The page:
Survey responses are subject to social desirability bias, and therefore may not be reflective of actual practices within a school. Although some of the survey items used in this study had previously been used by our team, others were developed specifically for this study and were not pilot-tested; our team includes researchers with extensive experience studying US school nutrition policies and practices, and the items have face validity. However, the lack of data on item validity, reliability, and pretesting for comprehension by target respondents is a limitation. School personnel who completed the survey may have had less complete knowledge of cafeteria-related practices than food service staff, who were not explicitly asked to complete the section of the survey related to nutrition practices. Additionally, our food waste measure warrants further consideration. Although analyses showed appropriate inter-item reliability across the various items pertaining to food waste, the interpretation of food waste using this measure is novel, and other strategies such as visual inspection, digital photography, and plate weighing, conducted over multiple time periods, provide more valid and reliable estimates of food waste for lunch service than a single self-report based on estimation [66]. It is likely challenging for respondents to assess a construct such as ‘waste’ over multiple days for multiple students, accounting for differences in school menus across days, as well as differences in individual consumption habits. In addition, many respondents (49.5%) did not know whether USDA flexibilities had been used, so it is likely that this is a topic that instead should be investigated with district-level administrators/supervisors of food service departments, who are more familiar with regulatory issues than building-level administrators such as principals, or other school staff. This study examined cross-sectional associations between school meal practices and food waste outcomes; therefore, no causal inferences can be made. To examine the impact of practices such as midday recess timing and meal promotion strategies on changes in food waste, future studies should consider randomized controlled trials. While our study was not an intervention trial, the use of a fairly large, nationally-representative sample of elementary schools allows for inference regarding the prevalence of practices pertaining to SBP and NSLP, as well as factors related to food waste, at elementary schools across the US.

5. Conclusions

Results from this nationally representative sample show that public elementary schools in the US have increased the adoption of some evidence-based practices for meal service in the last several years. Over 90% of schools that participate in the NSLP also offer breakfast through the SBP, and more are using flexible breakfast service strategies, such as grab-and-go meals, than has been previously reported. However, providing students with at least 30 min for eating lunch, and providing recess before lunch, are both recommended strategies that are used by less than half of schools, and the adoption of these strategies appears to have remained relatively stable over the last few years. Additionally, school meals appear likely to have remained stable in nutrition quality in school year 2019–20, despite regulatory rollbacks in 2018 that have since been rescinded.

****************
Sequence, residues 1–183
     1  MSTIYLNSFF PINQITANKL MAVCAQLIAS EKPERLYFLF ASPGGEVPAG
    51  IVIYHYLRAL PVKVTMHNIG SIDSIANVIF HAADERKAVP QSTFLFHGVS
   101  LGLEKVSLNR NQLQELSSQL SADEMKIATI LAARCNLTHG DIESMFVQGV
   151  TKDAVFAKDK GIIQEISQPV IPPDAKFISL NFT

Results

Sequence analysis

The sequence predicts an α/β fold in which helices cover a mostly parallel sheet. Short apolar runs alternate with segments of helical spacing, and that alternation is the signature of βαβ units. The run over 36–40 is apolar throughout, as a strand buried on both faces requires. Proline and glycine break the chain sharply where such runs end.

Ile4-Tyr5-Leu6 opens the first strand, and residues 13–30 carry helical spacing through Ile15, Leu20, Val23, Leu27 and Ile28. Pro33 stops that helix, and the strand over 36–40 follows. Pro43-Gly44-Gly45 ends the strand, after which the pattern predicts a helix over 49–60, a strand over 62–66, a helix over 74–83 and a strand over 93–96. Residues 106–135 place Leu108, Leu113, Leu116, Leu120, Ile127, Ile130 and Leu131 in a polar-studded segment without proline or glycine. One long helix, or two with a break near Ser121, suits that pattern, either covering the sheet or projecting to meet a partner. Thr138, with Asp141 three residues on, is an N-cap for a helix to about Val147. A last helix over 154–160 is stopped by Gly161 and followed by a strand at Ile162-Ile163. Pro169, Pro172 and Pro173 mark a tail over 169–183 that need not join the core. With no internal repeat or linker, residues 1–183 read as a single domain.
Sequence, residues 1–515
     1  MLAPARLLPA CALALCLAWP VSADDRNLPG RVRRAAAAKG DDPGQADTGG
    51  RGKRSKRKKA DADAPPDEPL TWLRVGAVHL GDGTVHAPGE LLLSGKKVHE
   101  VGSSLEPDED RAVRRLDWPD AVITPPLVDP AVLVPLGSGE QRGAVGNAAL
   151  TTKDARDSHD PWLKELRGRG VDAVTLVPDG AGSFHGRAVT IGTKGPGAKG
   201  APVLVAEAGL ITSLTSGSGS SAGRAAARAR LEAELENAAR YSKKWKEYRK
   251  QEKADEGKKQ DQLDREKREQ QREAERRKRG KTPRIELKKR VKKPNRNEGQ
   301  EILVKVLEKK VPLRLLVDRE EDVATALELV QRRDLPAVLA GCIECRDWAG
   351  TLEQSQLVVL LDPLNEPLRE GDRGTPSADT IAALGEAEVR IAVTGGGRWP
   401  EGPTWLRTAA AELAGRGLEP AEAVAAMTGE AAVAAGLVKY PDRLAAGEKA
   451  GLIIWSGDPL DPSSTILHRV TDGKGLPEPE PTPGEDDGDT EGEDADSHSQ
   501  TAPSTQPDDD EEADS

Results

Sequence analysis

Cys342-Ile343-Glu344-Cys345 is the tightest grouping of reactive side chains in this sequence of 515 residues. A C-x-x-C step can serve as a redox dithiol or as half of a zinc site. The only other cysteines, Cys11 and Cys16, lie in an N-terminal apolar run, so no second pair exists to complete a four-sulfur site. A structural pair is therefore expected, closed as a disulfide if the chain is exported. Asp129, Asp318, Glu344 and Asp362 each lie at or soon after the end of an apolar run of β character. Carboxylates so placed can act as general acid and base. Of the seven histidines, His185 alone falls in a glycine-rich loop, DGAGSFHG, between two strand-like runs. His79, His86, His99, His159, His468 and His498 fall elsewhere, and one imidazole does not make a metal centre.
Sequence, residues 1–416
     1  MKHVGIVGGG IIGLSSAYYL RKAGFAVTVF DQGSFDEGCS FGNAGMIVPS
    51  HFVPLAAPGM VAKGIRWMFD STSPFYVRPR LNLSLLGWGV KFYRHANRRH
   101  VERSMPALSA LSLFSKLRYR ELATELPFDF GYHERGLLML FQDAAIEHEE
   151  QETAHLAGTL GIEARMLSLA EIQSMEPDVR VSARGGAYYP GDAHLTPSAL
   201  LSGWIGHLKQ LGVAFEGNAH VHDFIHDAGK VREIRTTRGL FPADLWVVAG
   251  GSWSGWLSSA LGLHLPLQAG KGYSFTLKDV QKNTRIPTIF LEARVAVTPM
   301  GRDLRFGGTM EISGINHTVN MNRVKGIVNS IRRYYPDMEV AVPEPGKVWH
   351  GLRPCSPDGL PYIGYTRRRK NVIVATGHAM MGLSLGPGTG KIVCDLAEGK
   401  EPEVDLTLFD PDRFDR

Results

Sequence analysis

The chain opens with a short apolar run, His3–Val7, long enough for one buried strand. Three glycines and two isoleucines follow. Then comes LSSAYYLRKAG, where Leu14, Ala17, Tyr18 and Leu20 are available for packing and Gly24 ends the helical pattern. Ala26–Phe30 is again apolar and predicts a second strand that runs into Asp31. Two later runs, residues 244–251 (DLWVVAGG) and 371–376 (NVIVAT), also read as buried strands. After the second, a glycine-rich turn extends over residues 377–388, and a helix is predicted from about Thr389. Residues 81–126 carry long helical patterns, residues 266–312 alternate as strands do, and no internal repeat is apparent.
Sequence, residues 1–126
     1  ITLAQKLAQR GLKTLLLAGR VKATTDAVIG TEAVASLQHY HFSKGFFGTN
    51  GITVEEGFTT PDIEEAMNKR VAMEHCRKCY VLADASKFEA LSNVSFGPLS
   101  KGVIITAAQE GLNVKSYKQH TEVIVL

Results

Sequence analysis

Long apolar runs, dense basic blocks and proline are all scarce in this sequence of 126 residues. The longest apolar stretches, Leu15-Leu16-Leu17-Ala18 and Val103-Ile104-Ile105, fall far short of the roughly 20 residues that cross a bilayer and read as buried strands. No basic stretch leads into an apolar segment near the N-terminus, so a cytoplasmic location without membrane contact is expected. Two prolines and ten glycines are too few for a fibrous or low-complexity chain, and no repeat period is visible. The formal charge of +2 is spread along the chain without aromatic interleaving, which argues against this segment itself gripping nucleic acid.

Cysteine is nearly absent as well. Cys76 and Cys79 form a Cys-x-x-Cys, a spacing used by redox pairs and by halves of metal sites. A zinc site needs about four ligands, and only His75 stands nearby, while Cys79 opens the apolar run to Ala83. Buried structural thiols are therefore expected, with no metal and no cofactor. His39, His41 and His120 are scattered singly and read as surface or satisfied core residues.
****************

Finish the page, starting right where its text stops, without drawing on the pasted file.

Strategies to promote school meals are underutilized, with schools favoring lower-cost strategies that target parents (e.g., newsletters) more often than resource-intensive strategies such as cooking classes and student advisory groups. The use of more promotional strategies was found to be associated with less reported lunch waste, which is a unique finding warranting further investigation. Overall, these findings are consistent with prior literature demonstrating that barriers such as scheduling logistics and resources likely interfere with schools’ implementation of some evidence-based practices (e.g., longer lunch periods and promotion of meals). However, schools have been successful in increasing their use of alternative breakfast service strategies, which represents an important advance in improving access to nutrition assistance programs for socioeconomically disadvantaged students.

Author Contributions

Conceptualization, L.T., H.G.C., P.O.-V. and P.B.; methodology, L.T., P.B.; data curation: M.M., H.G.C. and L.T.; formal analysis, H.G.C.; writing—original draft preparation, H.G.C., L.T.; writing—review and editing, H.G.C., L.T., P.O.-V., M.M., P.B.; project administration, L.T.; funding acquisition, L.T. All authors have read and agreed to the published version of the manuscript.

Funding

This research was funded by the Healthy Eating Research Program of the Robert Wood Johnson Foundation: grant number 76291.

Institutional Review Board Statement

The study was conducted according to the guidelines of the Declaration of Helsinki, and approved by the Institutional Review Board at Boise State University (protocol number 101-SB19-151), on 25 July 2019.

Informed Consent Statement

All participants provided consent to participate in the study.

Data Availability Statement

To request access to de-identified data, please contact the corresponding author.

Acknowledgments

We thank the survey respondents for contributing to this study.

Conflicts of Interest

The authors declare no conflict of interest.

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Table 1. Demographic characteristics of 542 US public elementary schools, 2019–20 school year.
Table 1. Demographic characteristics of 542 US public elementary schools, 2019–20 school year.
Variable NameNumber (Unweighted)Percentage (Weighted)
School size
Small (≤450)27049.9
Medium (>450 to 621 students)16528.8
Large (>621 students)10721.3
Socioeconomic status (% of students eligible for FRPL)
Higher (≤33%)14422.3
Middle (>33% to ≤66%) 20936.6
Lower (>66%)18841.1
Locale